Revision can seem like a difficult task. Taking everything that you’ve learned over the course of your studies with ABE, then breaking it down, memorising it, and making it useable in an exam situation is certainly a lot of work. But there’s no reason for it to be impossible, and as an ABE student you’re more than likely up to the challenge!
Everyone has different ways of learning that work for them, and so the techniques explored here might not be the right ones for you. Don’t be afraid to experiment – do some of your own research into learning styles and revision techniques, and find out which work best for you. A helpful quiz, What is your learning style?, can be found in the August 2010 issue of Student Focus, which is available online in the Members Area of the ABE website (www.abeuk.com).
Be careful to avoid practicing only rote learning, or learning by repetition. Whilst this method can be useful for memorising simple facts, it will not help you understand material or how to apply what you have learnt to different contexts. A lot of what goes on in exams is about applying your knowledge to the specific situation presented to you by the question. Think of it as a way of showing off to the examiner, and exhibiting your business ingenuity!
If you find that you lack focus when it comes to revising, a particularly structured method of study known as PQRST (Preview, Question, Read, Self-recite, Test) has been developed over decades of research by psychologists Thomas and Robinson (1982), Spache and Berg (1978), and Robinson (1970). The research may seem dated, but it’s a method still used widely today, and it’s easy to see why. You can apply the framework to a chapter of your Study Manual, recommended reading, or even an excerpt from your own notes (for the sake of simplicity, we’re going to use the word ‘chapter’ from this point onward to refer to any excerpt, section, or body of writing that you can apply the method to). Here’s an outline of what to do at each of the five stages of the PQRST method:
At this stage, you need to make yourself aware of the basics of the material you’ll be covering.
The best way to do this is to ‘skim’, or quickly glance through, the chapter that you’ll be looking at, taking into special account any lists of contents, the introduction, headings, and diagrams. These will give you a quick, brief overview of what the chapter is about.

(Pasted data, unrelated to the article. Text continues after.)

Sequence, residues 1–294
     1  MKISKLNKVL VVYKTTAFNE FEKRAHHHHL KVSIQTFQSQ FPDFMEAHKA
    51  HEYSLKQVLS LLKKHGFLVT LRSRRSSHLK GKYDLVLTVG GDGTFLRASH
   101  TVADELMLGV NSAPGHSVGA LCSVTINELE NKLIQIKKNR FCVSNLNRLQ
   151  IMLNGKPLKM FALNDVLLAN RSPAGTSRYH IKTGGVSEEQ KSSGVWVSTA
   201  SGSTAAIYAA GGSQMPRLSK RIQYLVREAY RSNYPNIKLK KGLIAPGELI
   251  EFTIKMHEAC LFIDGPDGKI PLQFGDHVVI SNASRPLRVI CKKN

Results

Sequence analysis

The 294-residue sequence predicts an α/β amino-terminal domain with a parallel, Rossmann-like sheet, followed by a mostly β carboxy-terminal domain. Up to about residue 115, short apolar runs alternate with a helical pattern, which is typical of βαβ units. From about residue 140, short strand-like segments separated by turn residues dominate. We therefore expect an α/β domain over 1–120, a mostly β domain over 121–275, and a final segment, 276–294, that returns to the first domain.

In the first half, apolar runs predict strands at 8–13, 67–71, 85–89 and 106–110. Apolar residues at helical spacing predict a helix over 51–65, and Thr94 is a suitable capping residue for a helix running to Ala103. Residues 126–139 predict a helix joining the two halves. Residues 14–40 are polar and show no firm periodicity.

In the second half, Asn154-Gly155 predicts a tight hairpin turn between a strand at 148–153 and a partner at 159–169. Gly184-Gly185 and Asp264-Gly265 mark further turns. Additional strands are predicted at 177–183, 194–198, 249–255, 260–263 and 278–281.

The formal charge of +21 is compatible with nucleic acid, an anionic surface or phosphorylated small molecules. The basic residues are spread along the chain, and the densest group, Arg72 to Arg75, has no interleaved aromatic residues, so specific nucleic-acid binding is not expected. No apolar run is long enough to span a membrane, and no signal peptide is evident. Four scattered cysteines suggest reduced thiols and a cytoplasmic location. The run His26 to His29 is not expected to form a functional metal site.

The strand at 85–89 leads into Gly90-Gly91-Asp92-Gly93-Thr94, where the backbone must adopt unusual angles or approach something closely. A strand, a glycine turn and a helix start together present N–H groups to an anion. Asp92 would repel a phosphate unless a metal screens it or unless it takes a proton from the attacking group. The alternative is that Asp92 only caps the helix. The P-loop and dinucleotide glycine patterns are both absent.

When you have done this, it’s a good idea to read the summary of the chapter you are focusing on (usually located at the chapter’s end), which should briefly lay out everything that has been covered in that chapter.
Once you have skimmed through the chapter and are broadly aware of what it concerns, you should formulate a list of questions relating to the major points in the chapter that you would hope to be able to answer after reading the chapter more thoroughly.
Usually, chapters will be split into sections or topics, each concerning a different aspect of the same area of subject matter. These sections are denoted by headings, and sometimes broken down further into subheadings. You can use these headings to formulate your questions.
For example, in the ABE Human Resource Development Study Manual the second topic is entitled ‘What is Human Resource Development?’ Here, the question has already been made up for you. But the subheadings for this topic – ‘Defining Human Resources’, ‘Defining Human Resource Development’, ‘Different approaches to HRD: some key concepts’ and so on, can be turned into questions like this: ‘How do you define Human Resources?’, ‘What are the key concepts of the different approaches to HRD?’ etc.
You can then go on to think about how to answer these questions in the next stage of the process, which will engage your brain more fully than if you were simply reading with no concrete goal. If there are no obvious headings or sections to the material that you’re reading your job will be slightly harder, but don’t worry, it should still be possible for you to invent a number of questions based on your knowledge of the material.